Pregnancy outcome in natural family planning users: Cohort and case-control studies evaluating safety

J. L. Simpson, R. H. Gray, A. Perez, P. Mena, M. Barbato, E. E. Castilla, R. T. Kambic, F. Pardo, G. Tagliabue, W. S. Stephenson, A. Bitto, C. Li, V. H. Jennings, J. M. Spieler, J. T. Queenan

Research output: Contribution to journalArticlepeer-review


Conceptions involving aging gametes are of relevance to natural family planning (NFP) because women using NFP to avoid pregnancy abstain from intercourse during the fertile time of the cycle. To help verify the safety of pregnancies occurring among NFP practitioners, our group has, since 1986, conducted a large cohort study involving six experienced NFP centers. Timing of conception was determined from NFP charts, in which women recorded days on which intercourse occurred. The number of days from the most probable conception intercourse to probable day of ovulation was first determined, and used as an estimate of the time gametes remained in the genital tract before fertilization. Several studies have already been completed, cohort as well as case-control in nature. 1. Spontaneous abortions. Three hundred and sixty-one conceptions occurred during the optimal time (day -1 or 0 relative to ovulation), and of these 33 resulted in spontaneous abortion (9.1%). Five hundred and seven conceptions occurred at non-optimal times during the cycle, and of these 55 resulted in spontaneous abortions (10.9%). These differences were not statistically significant (relative risk 1.19, 95% CI, 0.79-1.80). 2. Anomalies. Among 780 singleton births in 868 cohort pregnancies, 24 infants had major anomalies (3.1%) as of the present analysis. This frequency is comparable to the general population. To further assess anomalies we employed a case-control approach. All consecutive births (live and stillborn) weighing 500 g or more taking place in 18 participating South American hospitals were examined for minor and major congential anomalies. Mothers of malformed and control infants did not differ with respect to the reported frequency of NFP use, which overall was 6.3% of the 10,642 mothers interviewed (5277 having a malformed infant; 5371 controls). Of 262 discordant pairs, there were 28 or 10.69% mothers within the Down syndrome case group vs. 16/262 or 6.11% among matched controls. The odds ratio was 1.84, 95% CI, 0.99-3.96; however, even this non-significant difference narrowed substantially when adjusted for maternal age (OR, 1.78; 95% CI, 0.84-3.75); parity (OR, 1.68; 95% CI, 0.87-3.24); maternal educational level (OR, 1.71; 95% CI, 0.86-3.44); or all three together (OR, 1.74; 95% CI, 0.83-3.64). Conclusions. Our findings should be reassuring to natural family planning users. The overall rate of spontaneous abortion was not increased in NFP users who became pregnant, nor to date was the rate of anomalies. Any contribution to Down syndrome or abortion due to aging gametes would have to be small.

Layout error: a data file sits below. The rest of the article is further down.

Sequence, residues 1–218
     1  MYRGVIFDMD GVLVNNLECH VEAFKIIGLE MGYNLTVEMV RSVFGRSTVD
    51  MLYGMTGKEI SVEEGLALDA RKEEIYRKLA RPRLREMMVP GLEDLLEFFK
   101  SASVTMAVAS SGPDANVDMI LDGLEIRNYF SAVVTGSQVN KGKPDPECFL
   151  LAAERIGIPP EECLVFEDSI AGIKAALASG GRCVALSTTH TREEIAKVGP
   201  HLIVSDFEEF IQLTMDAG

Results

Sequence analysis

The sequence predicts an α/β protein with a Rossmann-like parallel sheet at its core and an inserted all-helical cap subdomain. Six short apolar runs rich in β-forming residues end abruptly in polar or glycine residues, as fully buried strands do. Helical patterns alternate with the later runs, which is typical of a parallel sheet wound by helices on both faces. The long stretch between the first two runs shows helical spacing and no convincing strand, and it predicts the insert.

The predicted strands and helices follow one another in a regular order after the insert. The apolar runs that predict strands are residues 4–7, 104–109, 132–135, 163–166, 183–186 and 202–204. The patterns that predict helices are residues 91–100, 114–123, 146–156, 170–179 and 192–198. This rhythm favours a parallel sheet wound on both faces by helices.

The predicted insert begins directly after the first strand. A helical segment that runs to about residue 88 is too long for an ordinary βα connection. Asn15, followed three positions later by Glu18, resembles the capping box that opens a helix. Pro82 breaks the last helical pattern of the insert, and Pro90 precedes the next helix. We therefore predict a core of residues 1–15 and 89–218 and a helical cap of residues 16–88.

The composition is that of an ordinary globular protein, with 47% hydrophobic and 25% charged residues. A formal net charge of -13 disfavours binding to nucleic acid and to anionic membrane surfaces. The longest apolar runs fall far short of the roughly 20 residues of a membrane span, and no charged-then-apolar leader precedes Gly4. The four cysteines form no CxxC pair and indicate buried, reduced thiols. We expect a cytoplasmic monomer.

Original languageEnglish (US)
Pages (from-to)201-214
Number of pages14
JournalAdvances in Contraception
Issue number2-3
StatePublished - Jun 1997

ASJC Scopus subject areas

  • Obstetrics and Gynecology


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